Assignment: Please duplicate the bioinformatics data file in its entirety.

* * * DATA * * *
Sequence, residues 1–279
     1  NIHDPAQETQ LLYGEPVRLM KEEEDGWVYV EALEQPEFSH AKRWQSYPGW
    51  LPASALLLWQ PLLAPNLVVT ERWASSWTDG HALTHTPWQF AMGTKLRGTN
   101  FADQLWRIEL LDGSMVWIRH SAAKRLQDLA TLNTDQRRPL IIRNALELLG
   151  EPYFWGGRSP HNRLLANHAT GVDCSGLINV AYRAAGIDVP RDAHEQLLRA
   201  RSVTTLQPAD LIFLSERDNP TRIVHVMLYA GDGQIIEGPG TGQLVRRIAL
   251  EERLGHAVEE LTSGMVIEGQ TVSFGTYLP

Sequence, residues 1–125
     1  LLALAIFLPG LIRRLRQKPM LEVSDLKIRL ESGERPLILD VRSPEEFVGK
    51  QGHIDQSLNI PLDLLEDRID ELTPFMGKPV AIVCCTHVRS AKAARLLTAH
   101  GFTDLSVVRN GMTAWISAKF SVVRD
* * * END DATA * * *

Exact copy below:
Sequence, residues 1–279
     1  NIHDPAQETQ LLYGEPVRLM KEEEDGWVYV EALEQPEFSH AKRWQSYPGW
    51  LPASALLLWQ PLLAPNLVVT ERWASSWTDG HALTHTPWQF AMGTKLRGTN
   101  FADQLWRIEL LDGSMVWIRH SAAKRLQDLA TLNTDQRRPL IIRNALELLG
   151  EPYFWGGRSP HNRLLANHAT GVDCSGLINV AYRAAGIDVP RDAHEQLLRA
   201  RSVTTLQPAD LIFLSERDNP TRIVHVMLYA GDGQIIEGPG TGQLVRRIAL
   251  EERLGHAVEE LTSGMVIEGQ TVSFGTYLP

Sequence, residues 1–125
     1  LLALAIFLPG LIRRLRQKPM LEVSDLKIRL ESGERPLILD VRSPEEFVGK
    51  QGHIDQSLNI PLDLLEDRID ELTPFMGKPV AIVCCTHVRS AKAARLLTAH
   101  GFTDLSVVRN GMTAWISAKF SVVRD